“I wanted to bring awareness to the issue at hand in an informative way.”
17 year old Aretha Bernard has become an internet sensation because of her presentation on racial microaggressions. The high schooler shared a photo of her class presentation in which a projector is showing the words “You’re all racist.” Till now the post has scored around 24000 retweets and 74000 likes along with a long list of supportive comments in line. So what’s so special about that class presentation?
The presentation titled “Microaggression or Overthinking” is a 22 page essay. It begins with the overview of microaggressions and a brief explanation of the term as: “subtle racism [or] casual degradation of any minority group that neither the victim nor perpetrator may entirely understand.”
The presentation included a class survey designed to identify if any of the students have experienced microaggressions at school; surprisingly nearly half of the class responded with affirmative results to most of the questions included in that survey.
Just completed my last presentation of my high school career and this was by far the most exciting one ✨ pic.twitter.com/3ZaetWEV5s
— Aretha 🌺 (@arethafb) May 24, 2017
In an interview with Teen Vogue, Aretha explained her motivation behind working on this unique class presentation topic.
After experiencing an overwhelming amount of microaggressions from her fellow students, whom she thought of as friends, Arena decided to bring it out in open to increase awareness. She said, “I knew they were unaware of their actions, but nevertheless, I wanted to bring awareness to the issue at hand in an informative way.”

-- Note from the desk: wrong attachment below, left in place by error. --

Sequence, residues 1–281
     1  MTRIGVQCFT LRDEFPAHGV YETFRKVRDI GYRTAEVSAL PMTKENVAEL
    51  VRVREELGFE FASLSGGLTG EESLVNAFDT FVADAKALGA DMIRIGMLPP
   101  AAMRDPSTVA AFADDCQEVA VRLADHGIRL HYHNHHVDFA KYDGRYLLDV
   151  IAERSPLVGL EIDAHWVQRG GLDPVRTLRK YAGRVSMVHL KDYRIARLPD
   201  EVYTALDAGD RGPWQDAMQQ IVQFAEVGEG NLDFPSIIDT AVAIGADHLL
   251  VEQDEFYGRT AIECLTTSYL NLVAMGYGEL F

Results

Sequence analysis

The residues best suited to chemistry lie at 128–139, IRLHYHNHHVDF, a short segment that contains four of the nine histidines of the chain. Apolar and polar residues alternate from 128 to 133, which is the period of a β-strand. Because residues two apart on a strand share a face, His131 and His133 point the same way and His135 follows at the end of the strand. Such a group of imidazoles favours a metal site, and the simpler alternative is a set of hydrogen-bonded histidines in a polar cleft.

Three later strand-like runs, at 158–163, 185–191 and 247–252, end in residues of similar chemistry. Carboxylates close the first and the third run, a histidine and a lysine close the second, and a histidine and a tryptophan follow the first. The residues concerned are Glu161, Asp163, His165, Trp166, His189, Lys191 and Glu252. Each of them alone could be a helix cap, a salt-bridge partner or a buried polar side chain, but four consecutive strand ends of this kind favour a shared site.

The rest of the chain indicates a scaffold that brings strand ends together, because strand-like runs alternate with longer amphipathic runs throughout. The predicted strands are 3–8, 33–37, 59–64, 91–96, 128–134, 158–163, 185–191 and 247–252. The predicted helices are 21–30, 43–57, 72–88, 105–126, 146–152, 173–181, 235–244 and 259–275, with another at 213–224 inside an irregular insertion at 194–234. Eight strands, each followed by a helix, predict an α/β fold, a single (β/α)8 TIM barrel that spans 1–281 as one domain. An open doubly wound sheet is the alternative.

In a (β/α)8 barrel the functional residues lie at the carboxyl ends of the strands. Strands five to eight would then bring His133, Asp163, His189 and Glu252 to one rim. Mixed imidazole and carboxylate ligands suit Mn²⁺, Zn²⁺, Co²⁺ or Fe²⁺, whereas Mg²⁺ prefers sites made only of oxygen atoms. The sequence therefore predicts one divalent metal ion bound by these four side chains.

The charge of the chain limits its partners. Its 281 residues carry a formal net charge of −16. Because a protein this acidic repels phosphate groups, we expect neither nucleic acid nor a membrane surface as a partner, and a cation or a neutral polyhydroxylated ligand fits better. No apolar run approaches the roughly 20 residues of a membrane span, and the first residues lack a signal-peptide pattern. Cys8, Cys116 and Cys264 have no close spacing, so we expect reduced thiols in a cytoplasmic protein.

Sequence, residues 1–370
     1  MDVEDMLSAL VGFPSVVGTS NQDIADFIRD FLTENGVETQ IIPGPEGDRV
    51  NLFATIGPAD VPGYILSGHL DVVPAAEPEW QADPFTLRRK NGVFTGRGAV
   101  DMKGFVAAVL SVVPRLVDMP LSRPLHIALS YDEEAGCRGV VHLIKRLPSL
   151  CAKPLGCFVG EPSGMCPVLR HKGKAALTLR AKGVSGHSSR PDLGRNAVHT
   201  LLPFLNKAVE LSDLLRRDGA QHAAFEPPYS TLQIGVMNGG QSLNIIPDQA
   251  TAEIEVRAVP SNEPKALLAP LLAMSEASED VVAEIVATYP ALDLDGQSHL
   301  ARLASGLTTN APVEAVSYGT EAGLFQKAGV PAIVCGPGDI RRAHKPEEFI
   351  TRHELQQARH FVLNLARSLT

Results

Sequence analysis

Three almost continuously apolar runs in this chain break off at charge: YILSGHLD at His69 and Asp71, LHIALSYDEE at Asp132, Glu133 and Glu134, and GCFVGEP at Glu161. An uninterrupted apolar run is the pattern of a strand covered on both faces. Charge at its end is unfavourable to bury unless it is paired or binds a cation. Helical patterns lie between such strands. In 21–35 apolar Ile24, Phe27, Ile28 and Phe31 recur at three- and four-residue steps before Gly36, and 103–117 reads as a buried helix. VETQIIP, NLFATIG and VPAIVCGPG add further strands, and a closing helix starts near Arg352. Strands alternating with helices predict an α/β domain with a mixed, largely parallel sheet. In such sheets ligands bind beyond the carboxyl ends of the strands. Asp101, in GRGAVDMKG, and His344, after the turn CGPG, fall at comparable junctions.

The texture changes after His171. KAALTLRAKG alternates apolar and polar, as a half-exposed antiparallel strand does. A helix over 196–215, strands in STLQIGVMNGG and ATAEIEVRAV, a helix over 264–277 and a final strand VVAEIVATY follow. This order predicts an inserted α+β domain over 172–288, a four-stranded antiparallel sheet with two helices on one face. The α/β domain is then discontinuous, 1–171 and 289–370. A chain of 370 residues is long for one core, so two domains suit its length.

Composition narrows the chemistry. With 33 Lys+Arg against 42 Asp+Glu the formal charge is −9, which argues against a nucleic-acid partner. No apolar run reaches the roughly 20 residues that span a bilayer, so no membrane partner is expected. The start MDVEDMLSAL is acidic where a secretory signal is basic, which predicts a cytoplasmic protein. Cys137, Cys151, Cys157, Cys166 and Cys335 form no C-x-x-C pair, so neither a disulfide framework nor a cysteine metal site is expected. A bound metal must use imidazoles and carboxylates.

Bernard has surely done a wonderful job. The presentation has valuable data to make a solid base for highlighting the importance of this issue. In addition to the class survey results, Arena included proven data results from different psychologists. These results conclude that microaggressions are potentially harmful because of their invisibility to others.
“People of color, when encountered with microaggression, experience an internal dilemma,” the 17-year-old discusses in her essay. “They begin questioning themselves asking, ‘Did I interpret that right? Should I say something? Am I overreacting? What did [they] mean by that?’ Often times, the victim may not address the issue at hand which is detrimental to their health and they may not even know it.”
Arena thinks that her presentation has surely made a difference and made an impact on her classmates.
“Throughout my presentation, they grew more interested in my topic and were pretty much speechless,” she tells Teen Vogue. “I didn’t hold back, but I didn’t attack anyone either.”
The social media came in really handy in spreading the word. Arena’s message was resonated with thousands of users—which was something she wasn’t really expecting. “The amount of recognition I’m getting on Twitter makes my heart flutter and phone freeze,” she says. “I’m getting different responses, but the majority of the responses are positive. I was surprised that these many people wanted to see the essay. Though, that was my goal. For people to become aware.”
With this overwhelming support by thousands of people, we can say safely say that Arena’s message about “microaggressions” has resonated quite clearly.